Semantic markups for headings, paragraphs, lists, data tables, etc have confused programmers in the past, but modern techniques now offer better tools for improved semantics. Newer versions such as HTML 5 ensure that authors comprehend the exact meaning and implications of their mark ups to make their web pages much more functional.
You can start out by checking HTML elements in great detail as well as ID and class names since they will help you a lot provided you make minimal use of them, keep their names at their shortest possible, and try to firstly opt for ID and class names that are functional before opting for generic ones.
In addition, you also need to closely examine the effects of “strong”, “b”, “em”, and ”i” elements since previously authors did suggest replacing “i” and “b” with “em” and “strong” for being too presentational. However, you should use them depending on their importance for your specific requirements.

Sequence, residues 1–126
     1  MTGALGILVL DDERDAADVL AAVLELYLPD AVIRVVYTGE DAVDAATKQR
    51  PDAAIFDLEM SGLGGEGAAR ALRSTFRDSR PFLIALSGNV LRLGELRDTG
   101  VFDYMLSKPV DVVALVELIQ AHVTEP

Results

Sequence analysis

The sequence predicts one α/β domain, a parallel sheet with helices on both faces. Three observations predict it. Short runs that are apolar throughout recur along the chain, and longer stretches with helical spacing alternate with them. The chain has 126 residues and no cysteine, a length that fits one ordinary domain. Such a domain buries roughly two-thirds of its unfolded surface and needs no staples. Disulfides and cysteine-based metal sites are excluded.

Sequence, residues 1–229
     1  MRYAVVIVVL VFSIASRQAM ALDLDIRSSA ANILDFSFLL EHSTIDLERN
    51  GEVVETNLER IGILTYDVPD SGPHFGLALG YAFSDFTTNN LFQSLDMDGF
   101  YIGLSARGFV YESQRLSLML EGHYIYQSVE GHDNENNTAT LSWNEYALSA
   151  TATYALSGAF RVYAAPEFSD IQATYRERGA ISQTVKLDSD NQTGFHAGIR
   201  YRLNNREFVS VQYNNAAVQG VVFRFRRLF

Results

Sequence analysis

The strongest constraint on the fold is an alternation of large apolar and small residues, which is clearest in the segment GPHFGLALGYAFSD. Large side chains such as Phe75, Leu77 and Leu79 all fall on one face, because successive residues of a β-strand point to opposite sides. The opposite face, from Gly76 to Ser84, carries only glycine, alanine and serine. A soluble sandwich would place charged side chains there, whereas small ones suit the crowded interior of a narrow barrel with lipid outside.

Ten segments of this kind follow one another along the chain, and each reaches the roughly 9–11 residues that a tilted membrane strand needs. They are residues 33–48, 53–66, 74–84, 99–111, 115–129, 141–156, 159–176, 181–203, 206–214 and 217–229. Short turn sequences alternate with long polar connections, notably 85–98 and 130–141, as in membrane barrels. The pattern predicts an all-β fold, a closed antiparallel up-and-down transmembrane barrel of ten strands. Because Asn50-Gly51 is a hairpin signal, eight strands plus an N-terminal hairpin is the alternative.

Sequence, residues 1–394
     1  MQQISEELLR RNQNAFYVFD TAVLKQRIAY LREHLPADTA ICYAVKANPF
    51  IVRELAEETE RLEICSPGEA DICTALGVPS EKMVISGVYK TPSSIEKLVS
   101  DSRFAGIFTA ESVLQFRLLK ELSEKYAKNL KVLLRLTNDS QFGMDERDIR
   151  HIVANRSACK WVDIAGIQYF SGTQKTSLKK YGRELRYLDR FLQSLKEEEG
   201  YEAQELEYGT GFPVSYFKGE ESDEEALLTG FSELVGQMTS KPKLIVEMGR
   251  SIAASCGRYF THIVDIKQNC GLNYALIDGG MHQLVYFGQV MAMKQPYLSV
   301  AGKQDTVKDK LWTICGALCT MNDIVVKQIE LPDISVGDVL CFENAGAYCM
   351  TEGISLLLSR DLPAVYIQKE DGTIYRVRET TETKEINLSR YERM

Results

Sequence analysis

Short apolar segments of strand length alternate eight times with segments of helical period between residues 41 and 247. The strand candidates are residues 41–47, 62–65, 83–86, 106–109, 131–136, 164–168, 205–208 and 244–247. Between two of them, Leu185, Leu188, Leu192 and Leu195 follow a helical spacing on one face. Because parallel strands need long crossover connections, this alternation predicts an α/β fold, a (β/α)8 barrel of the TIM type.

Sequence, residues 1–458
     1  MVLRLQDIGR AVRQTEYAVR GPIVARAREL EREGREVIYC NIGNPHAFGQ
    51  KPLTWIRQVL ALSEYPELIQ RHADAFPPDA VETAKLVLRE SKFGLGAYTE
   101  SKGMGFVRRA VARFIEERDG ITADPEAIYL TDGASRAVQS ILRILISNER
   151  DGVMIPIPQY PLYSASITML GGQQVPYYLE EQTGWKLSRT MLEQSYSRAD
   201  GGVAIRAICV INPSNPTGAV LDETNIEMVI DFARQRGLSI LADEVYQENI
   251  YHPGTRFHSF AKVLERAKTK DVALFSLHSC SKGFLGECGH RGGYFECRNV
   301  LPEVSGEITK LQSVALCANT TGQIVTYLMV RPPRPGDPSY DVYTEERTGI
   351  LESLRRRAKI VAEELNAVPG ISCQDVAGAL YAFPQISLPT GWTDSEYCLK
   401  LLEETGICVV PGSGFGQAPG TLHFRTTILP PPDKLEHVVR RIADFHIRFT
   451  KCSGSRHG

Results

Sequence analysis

Several elements that you should stop using as they are no longer maintainable as presentational markups are “s”, “u”, “font”, etc. You can employ style sheets to take care of them.
You should also ensure that you monitor the semantics of each page and one simply way is to disable CSS to learn as to how screen readers infer it. For browsers such as Firefox and Chrome, you can just utilize the Web Developer Toolbar extension for limited functionality in identifying problems related to CSS.
You can also use the Semantic Data Extractor from W3C to further understand the importance of your specific HTML codes. Engage in user testing and peer reviews to further understand accessibility and best coding practices to further improve your page.
Your page can enjoy several benefits with appropriate semantics that comply to html specs and you should utilize all available tools to ensure that your page adheres to the latest guidelines.